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Myanmar: Stop harassment of workers, UN agency urges military

The street leading to the Sule Pagoda in downtown Yangon, Myanmar. (file photo)
Unsplash/Alexander Schimmeck
The street leading to the Sule Pagoda in downtown Yangon, Myanmar. (file photo)

Myanmar: Stop harassment of workers, UN agency urges military

Peace and Security

The United Nations International Labour Organization (ILO) has called on the military in Myanmar to end the harassment and intimidation of workers by security forces, and ensure that they can exercise their rights to freedom of expression, in a climate free of violence and fear.

In a statement on Tuesday, the agency said it received allegations that police and military are conducting door-to-door searches for trade unionists at their dormitories and hostels in the Hlaingtharyar industrial township, in the country’s largest city, Yangon. 

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It is alleged that the acts of harassment and intimidation are “largely targeted” at young female workers working in the private sector industries of Yangon, who are living far away from their families in the rural areas, ILO said. 

“The ILO urges the military authorities to cease all acts of harassment and intimidation against these workers, in particular young female workers, and ensure that all workers can exercise their rights to freedom of association, assembly and expression as well as other human rights in a climate free of violence, pressure, fear and threat of any kind”, the agency added. 

Ongoing protests 

Mass protests have grown steadily across Myanmar since the military takeover on 1 February, and arrests of several key leaders and elected officials, including State Counsellor Aung San Suu Kyi and President Win Myint.  

The takeover followed escalating tensions between the government and the military over the November 2020 elections, which were won by Ms. Suu Kyi-led National League for Democracy (NLD). 

At least two individuals, including a child, are reported to have been killed and many injured, since the crisis erupted. There are also reports of use of excessive and lethal force by security forces, including live ammunition, against demonstrators.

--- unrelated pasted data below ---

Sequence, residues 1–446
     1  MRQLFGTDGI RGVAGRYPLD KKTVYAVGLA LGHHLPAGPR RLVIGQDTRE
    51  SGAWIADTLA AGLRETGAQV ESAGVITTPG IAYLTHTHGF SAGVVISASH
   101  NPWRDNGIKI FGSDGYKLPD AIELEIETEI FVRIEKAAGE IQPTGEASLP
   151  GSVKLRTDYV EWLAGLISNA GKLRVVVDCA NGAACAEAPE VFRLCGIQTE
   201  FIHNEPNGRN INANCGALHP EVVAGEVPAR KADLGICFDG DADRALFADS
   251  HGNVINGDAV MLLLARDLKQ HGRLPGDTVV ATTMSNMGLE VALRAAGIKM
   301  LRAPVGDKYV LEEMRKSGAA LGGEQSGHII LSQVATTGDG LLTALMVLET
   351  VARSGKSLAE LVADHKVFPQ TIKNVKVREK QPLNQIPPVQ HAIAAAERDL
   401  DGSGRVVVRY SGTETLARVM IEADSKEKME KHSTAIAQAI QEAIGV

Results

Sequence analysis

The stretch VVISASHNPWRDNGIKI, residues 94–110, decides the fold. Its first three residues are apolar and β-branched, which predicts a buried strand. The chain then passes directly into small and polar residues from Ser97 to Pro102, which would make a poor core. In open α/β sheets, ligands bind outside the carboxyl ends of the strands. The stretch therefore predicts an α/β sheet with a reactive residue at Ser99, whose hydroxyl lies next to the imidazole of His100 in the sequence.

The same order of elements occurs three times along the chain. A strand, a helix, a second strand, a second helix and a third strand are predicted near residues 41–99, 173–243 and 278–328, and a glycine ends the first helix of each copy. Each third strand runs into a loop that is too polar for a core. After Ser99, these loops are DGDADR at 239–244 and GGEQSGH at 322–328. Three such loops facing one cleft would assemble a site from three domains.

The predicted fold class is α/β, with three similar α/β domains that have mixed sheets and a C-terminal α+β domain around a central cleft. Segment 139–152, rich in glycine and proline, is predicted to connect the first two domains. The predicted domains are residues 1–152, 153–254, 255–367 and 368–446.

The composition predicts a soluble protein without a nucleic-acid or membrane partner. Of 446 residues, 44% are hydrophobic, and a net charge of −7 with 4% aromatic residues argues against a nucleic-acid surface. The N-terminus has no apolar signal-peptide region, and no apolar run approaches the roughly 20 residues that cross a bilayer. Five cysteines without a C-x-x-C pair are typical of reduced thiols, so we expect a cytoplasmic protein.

Fears of disruption of essential services 

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The UN Population Fund (UNFPA) has voiced deep concerns over the use of force, cautioning that it may contribute to an escalation of violence against women, girls and young people. 

In a separate statement, the UN sexual and reproductive health agency, also expressed fears that essential services, including safe pregnancy and childbirth programmes, could be disrupted due to the ongoing crisis. 

“In light of the unfolding events in Myanmar, UNFPA joins the wider UN family in expressing its strongest concern over the adverse impacts on the rights, safety, health and well-being of the people of Myanmar, including women, girls and young people” UNFPA said. 

Disruptions to essential services to meet the health needs of women and girls, including safe pregnancy and childbirth, “will have serious, even life-threatening implications if timely access to emergency obstetric and newborn care is compromised or not provided in general”, it added, noting that the most disadvantaged and vulnerable communities would be hit the hardest. 

“UNFPA stands with women, girls and young people in Myanmar and their right to sexual and reproductive health care, even during the crisis”, the agency added. 

ILO and UNFPA reiterated the call of the UN Secretary-General António Guterres for the military and security forces to respect the fundamental human rights of the people of Myanmar.

Threat to COVID vaccinations

Briefing reporters at UN Headquarters in New York later on Wednesday, Spokesperson Stéphane Dujarric said that the UN team in Myanmar was "gravely concerned" that the political and social unrest would jeopardize the COVID-19 vaccination campaign already underway.  

"Our colleagues say that Myanmar had developed a robust, meticulous national deployment and vaccination plan. It had already vaccinated 105,000 health workers as of 31 January", he said.